February Labour Force Survey Preview: Will the Tighter Labour Market Boost Permanent Employment?
Younger employees less likely to have permanent roles, patterns more stable for prime-age workers
With the unemployment rate near decade-lows, the Canadian labour market conversation has shifted its focus to precarious work and other measures of job quality. In this regard, a key metric to track is the share of employees working in non-permanent roles. When the Labour Force Survey (LFS) started asking Canadians about job permanency in 1997, 88.7% of employees (not including the self-employed) indicated they had a permanent role. By 2018, despite a strong labor market, the share was down to 86.7%.
Interpreting recent trends in permanent employment in the LFS is impacted by demographic changes. Zooming in on individual age groups, the drop in the share of employees with permanent status has been most pronounced among youth. From 2000 to 2009, the share of Canadian employees age 15 to 24 with a permanent job averaged 71%, after dropping during the late 1990s. The share has slid further in recent years and now stands just above 68%. Some of this decline could reflect shifting trends surrounding school enrollment.
The trend for prime-age Canadians (age 25-54) is less striking. Unlike the gradual decline over the past few years among youth, the share of prime-age employees with permanent roles has largely held steady following a dip from 91% to 90% in the aftermath of the Great Recession. In 2018, the permanent share of prime-age employees ticked up, reversing a decline in 2017.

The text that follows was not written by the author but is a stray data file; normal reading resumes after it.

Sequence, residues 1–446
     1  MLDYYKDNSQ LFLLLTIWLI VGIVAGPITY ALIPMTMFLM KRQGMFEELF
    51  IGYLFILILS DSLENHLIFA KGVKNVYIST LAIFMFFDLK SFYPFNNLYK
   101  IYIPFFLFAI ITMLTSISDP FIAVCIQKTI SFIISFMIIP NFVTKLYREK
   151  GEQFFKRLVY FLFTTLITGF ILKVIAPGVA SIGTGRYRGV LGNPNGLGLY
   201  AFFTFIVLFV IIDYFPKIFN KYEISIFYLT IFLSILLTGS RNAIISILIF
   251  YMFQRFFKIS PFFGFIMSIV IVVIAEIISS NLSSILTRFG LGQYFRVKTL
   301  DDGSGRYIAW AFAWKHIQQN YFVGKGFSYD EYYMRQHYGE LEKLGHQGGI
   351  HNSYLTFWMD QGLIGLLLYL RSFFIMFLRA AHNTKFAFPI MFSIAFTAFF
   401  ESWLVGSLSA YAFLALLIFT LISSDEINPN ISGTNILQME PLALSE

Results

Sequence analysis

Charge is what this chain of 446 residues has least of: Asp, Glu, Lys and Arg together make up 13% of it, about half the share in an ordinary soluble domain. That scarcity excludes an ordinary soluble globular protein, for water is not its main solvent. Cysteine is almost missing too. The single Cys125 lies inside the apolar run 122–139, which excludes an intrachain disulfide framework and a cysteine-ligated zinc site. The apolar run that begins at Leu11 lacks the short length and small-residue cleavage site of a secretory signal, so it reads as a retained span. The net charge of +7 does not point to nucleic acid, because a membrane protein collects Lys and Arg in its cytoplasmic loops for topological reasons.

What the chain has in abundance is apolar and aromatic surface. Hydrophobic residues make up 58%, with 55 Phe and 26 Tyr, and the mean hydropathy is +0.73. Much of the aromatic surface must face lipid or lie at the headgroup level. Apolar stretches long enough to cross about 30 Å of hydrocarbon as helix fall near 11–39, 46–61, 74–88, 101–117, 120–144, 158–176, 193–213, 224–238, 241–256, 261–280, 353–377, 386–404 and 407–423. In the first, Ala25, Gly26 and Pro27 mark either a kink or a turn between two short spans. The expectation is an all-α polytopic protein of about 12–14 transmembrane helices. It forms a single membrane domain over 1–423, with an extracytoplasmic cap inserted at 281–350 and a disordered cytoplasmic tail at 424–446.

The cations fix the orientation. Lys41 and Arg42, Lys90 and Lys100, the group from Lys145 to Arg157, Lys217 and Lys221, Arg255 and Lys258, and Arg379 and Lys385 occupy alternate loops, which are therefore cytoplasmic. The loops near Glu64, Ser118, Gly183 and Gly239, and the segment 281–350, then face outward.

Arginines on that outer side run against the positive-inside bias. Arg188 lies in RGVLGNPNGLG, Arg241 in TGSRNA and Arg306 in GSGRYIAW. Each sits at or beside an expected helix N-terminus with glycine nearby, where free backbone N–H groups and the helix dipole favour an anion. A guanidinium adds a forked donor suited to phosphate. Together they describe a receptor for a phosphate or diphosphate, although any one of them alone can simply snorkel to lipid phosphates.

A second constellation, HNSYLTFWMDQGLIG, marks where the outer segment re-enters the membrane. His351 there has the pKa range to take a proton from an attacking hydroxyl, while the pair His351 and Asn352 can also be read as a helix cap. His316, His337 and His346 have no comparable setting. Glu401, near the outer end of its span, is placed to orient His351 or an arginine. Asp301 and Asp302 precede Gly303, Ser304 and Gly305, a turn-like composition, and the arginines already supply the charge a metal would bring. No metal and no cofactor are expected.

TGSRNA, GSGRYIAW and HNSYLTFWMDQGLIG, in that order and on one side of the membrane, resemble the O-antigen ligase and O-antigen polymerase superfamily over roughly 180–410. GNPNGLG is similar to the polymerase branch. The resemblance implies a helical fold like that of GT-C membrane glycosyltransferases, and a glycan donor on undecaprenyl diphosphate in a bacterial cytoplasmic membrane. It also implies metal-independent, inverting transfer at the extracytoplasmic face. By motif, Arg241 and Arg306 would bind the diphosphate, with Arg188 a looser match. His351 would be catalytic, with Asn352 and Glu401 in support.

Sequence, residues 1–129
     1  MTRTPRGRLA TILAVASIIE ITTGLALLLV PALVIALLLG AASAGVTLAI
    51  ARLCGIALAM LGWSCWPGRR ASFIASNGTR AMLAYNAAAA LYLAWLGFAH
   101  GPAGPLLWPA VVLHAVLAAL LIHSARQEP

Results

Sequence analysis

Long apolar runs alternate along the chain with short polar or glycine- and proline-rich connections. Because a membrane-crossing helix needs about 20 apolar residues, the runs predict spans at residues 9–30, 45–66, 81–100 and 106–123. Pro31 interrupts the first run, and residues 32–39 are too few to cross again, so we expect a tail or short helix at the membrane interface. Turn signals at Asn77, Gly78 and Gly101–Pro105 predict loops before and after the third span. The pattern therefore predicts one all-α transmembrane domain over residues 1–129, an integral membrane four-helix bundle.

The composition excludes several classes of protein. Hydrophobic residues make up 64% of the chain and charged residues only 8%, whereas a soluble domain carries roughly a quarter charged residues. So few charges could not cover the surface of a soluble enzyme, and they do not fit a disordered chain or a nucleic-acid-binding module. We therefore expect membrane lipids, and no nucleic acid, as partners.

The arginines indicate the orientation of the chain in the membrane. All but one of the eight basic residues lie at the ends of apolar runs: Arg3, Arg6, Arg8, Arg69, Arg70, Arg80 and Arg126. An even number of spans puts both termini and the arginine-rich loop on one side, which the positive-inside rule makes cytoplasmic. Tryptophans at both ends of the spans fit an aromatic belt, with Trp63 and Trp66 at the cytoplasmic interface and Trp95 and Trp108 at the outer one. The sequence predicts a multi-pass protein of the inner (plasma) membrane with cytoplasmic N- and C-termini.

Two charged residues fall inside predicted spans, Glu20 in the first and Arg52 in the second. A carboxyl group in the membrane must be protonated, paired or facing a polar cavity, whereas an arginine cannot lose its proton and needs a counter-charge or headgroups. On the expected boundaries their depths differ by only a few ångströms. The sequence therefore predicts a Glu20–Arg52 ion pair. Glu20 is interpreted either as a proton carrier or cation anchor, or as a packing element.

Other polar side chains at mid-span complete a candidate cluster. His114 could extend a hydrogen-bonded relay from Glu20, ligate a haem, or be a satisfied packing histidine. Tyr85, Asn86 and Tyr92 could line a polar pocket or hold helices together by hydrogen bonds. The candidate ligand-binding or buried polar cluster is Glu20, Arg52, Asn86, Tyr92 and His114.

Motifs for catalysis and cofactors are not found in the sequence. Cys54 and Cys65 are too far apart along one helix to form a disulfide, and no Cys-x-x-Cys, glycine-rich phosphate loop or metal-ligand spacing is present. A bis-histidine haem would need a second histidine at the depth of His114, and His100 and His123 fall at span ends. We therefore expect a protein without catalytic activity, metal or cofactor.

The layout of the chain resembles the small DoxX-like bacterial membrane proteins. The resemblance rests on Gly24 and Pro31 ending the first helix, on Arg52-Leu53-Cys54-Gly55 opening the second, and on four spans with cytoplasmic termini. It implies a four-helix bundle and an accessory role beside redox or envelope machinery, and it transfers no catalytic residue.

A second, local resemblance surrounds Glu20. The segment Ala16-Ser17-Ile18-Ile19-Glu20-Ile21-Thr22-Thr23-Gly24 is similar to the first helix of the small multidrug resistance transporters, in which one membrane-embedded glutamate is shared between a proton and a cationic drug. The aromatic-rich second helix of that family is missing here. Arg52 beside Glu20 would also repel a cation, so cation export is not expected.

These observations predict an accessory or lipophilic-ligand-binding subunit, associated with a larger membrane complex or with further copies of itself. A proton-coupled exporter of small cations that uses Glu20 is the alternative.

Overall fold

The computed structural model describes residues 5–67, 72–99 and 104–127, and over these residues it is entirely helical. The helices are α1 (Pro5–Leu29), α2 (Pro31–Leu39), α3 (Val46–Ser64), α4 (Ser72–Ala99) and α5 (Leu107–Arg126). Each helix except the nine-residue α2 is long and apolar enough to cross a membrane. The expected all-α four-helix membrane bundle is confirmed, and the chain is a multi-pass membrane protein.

Can the rise in permanent job openings help increase permanent jobs?
For prime-age employees, permanent roles remain the norm. However, a concern going forward is the possibility that temporary work trends among today’s youth persist as they enter middle-age. In this regard, the recent tightening of the Canadian labour market might offer some relief: job openings for permanent roles have been the main driver of the strong overall increase in vacancies over the past few years.
Total job openings in the third quarter of 2018 were up 35% from the same period in 2015, according to Statistics Canada’s Job Vacancy and Wage Survey, with growth decidedly tilted towards permanent roles. Vacancies for permanent jobs were up 44% over this period, compared to just an 8% increase for temporary roles. As a result, the share of openings for permanent roles hit 81% in the third quarter of 2018, up from 76% three years earlier. This shift in openings toward permanent roles was particularly noticeable in Ontario, B.C., and Atlantic Canada.
Changes in the monthly LFS numbers can be a bit volatile to assess trends in job permanency among Canadian employees. However, as more data for 2019 rolls in, it will be interesting to see if a tighter labour market and the growth in job openings for permanent work helps cut the share of Canadian employees in temporary positions, particularly among youth who have experienced the greatest shift.